- You can also head to the open observation deck. It has an entrance fee of 105 MYR. It is a bit pricier, but you will get to enjoy the panoramic views in an open-air and at the height of 350 metres.
6. Bukit Bintang
For us, one of the unmissable things you should do in Kuala Lumpur is visiting Bukit Bintang. It remains one of the highly visited entertainment and shopping districts in all of KL. Aside from numerous shopping malls and night markets, you can also find hawker centers and lively bars and restaurants that will make visiting Kuala Lumpur genuinely unforgettable. For those who belong to the younger generation, this place, at least for us, is a definite go-to. There are tons of activities and things to do here.
This place is also where tourists can interact with locals as it is where most of them are headed out to enjoy vibrant nightlife. Aside from getting a nice feel of the Malaysian lifestyle, it is bustling with life and offers hundreds of Arabic delicacies. Hence, it is also called Kuala Lumpur’s Arabic District. Take it from us, the best way to get here is via the KL Monorail.
7. Masjid Negara
Serving as the national mosque, Masjid Negara translates to state mosque. It is most notable for its architecture featuring 73-metre high minaret and star-shaped roofing. The mosque receives more than 13,000 worshippers from all over the world.
The national mosque is open every day. And as with any religious sites in KL, a dress code is strictly followed. When you reach the site, you will receive a head and body cover. These coverings are applicable for both men and women. A piece of advice from us: If you plan on visiting Masjid Negara, pay attention to your clothing. While they offer coverups, it can be used up by all the visitors, so it may take you a while to get inside. You don’t have to pay any entrance fee, so it is a worthy stop during your trip.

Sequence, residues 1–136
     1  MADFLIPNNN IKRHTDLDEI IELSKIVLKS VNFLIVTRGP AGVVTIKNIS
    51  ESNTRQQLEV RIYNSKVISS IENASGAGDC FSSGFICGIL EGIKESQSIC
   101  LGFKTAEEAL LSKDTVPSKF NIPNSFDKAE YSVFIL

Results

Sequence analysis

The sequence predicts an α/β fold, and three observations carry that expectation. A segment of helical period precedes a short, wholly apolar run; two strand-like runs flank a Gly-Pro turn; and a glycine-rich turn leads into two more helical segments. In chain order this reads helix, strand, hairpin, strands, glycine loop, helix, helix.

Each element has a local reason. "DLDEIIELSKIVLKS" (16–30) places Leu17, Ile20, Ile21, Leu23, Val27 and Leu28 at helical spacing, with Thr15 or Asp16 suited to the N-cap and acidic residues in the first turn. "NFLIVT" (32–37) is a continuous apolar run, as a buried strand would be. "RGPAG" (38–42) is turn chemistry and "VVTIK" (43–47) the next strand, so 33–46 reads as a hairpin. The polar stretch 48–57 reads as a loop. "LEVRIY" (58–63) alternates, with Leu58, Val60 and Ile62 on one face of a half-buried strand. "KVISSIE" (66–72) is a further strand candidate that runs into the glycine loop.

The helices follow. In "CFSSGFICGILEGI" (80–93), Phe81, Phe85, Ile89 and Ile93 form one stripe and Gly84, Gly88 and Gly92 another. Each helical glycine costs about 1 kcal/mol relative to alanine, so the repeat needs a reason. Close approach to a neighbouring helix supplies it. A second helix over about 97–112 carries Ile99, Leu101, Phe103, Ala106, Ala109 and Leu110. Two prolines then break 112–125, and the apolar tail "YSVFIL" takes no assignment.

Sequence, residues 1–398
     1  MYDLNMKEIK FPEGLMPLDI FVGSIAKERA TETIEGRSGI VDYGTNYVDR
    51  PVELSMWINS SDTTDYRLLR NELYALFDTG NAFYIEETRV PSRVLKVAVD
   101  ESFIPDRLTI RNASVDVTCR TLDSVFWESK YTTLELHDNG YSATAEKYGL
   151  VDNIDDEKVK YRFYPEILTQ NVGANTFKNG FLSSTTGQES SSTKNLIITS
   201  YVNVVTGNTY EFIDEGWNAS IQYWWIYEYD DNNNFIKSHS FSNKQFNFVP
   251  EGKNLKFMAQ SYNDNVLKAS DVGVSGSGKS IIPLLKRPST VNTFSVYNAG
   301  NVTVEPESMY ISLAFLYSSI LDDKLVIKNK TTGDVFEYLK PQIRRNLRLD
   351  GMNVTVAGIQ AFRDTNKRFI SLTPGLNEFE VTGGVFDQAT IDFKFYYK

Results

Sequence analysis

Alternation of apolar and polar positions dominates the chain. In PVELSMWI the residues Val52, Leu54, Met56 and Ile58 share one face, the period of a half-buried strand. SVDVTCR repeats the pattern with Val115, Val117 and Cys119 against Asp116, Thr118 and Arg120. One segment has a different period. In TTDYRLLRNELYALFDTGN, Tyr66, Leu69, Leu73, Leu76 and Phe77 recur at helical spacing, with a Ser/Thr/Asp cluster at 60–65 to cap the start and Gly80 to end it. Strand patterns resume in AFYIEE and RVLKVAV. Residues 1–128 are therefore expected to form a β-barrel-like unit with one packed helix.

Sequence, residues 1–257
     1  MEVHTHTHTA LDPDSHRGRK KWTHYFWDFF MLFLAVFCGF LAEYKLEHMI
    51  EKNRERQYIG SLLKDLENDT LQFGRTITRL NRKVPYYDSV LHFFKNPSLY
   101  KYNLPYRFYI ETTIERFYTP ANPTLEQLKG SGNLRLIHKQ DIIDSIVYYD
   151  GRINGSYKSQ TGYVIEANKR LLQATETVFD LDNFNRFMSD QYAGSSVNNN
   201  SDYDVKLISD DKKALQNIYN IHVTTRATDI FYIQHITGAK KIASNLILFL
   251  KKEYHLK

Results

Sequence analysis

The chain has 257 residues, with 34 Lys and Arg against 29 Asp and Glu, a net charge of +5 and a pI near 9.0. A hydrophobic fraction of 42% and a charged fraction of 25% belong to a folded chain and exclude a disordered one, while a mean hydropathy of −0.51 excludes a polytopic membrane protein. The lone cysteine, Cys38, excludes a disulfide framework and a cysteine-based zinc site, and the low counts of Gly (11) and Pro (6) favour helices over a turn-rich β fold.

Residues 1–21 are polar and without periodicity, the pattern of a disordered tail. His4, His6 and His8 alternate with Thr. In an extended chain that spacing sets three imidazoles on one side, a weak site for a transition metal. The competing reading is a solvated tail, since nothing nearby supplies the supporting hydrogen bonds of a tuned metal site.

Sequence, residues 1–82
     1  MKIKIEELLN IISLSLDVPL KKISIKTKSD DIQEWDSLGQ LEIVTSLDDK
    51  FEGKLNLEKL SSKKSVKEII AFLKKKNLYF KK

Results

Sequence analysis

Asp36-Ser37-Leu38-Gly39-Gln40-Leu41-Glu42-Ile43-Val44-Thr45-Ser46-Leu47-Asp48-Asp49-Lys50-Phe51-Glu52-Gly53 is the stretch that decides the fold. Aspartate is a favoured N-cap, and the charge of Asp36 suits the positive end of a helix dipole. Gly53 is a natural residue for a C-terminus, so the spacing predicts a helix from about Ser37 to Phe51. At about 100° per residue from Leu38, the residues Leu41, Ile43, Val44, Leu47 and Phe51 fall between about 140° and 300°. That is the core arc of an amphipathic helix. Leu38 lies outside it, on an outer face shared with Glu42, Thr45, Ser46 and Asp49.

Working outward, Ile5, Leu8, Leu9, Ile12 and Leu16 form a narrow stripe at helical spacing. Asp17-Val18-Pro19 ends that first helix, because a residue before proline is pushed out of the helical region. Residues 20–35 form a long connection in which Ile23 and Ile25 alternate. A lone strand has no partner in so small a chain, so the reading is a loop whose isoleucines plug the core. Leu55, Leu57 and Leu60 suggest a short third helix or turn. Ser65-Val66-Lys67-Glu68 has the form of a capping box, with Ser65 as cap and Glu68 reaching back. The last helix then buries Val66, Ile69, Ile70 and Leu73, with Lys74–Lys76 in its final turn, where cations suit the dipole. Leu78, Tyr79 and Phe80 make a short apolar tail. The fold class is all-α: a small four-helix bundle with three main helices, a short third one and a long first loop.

8. Orchid Garden
After exploring the national mosque, make sure to follow the Jalan Perdana street leading up the hill. You will see the Orchid Garden, which is part of the Perdana Botanical Garden.
It is a nice stop if you want to see beautiful blooming orchids on display. It offers a different atmosphere from the noisy and bustling streets of KL. In addition to the orchids, the Orchid Garden also provides an impressive view of the KL skyline. Make sure to stay alert as you explore the garden further, as you may encounter some cheeky wild monkeys along the way.
It is open from 6:00 to 18:00 daily and has no entrance fee.
9. Kasturi Walk
If you have already explored the chaotic beauty of Chinatown, we suggest you try out the Kasturi Walk, which is another market a few minutes from Petaling Street. Once you reach it, you will realize that it is another place in KL brimming with locals and tourists in search of some cheap finds. Weave yourself through the alleys if you want to look for unique souvenirs for your loved ones back home.
While Chinatown has this chaotic charm, Kasturi Walk can be a breath of fresh air with its modern and classy fair. Besides souvenir items, you can also find busy Hawker Centers that offer the best Malaysian cuisine. The shops here are open from 10:30 to 22:30 daily.
10. Brickfields (Little India)
Remember when we said that Kuala Lumpur is a melting pot of culture? Not only does it have its own Arabic District and Chinatown, but Kuala Lumpur also has its Little India. Brickfields is located a few minutes south of the KL Sentral main railway station.
As the city’s Little India, the place has tons of stores selling an assortment of Indian goods and food. Take note that the street will come to life from late afternoon to night time. You will see merchants setting up their tables and chairs on the pavement as the scent of Indian dishes will come wafting through the air, inviting you to sample many of their delicacies. Getting a taste of India at the heart of Kuala Lumpur wouldn’t hurt. It also has the best reviews from tourists in Southeast Asia.
11. KL Sentral
KL Sentral is one place in Kuala Lumpur, Malaysia, where you can catch a train and do your shopping simultaneously. It is not only a railway station, but it is also an expansive shopping mall known as Nu Sentral. It serves as the hub for going around the city.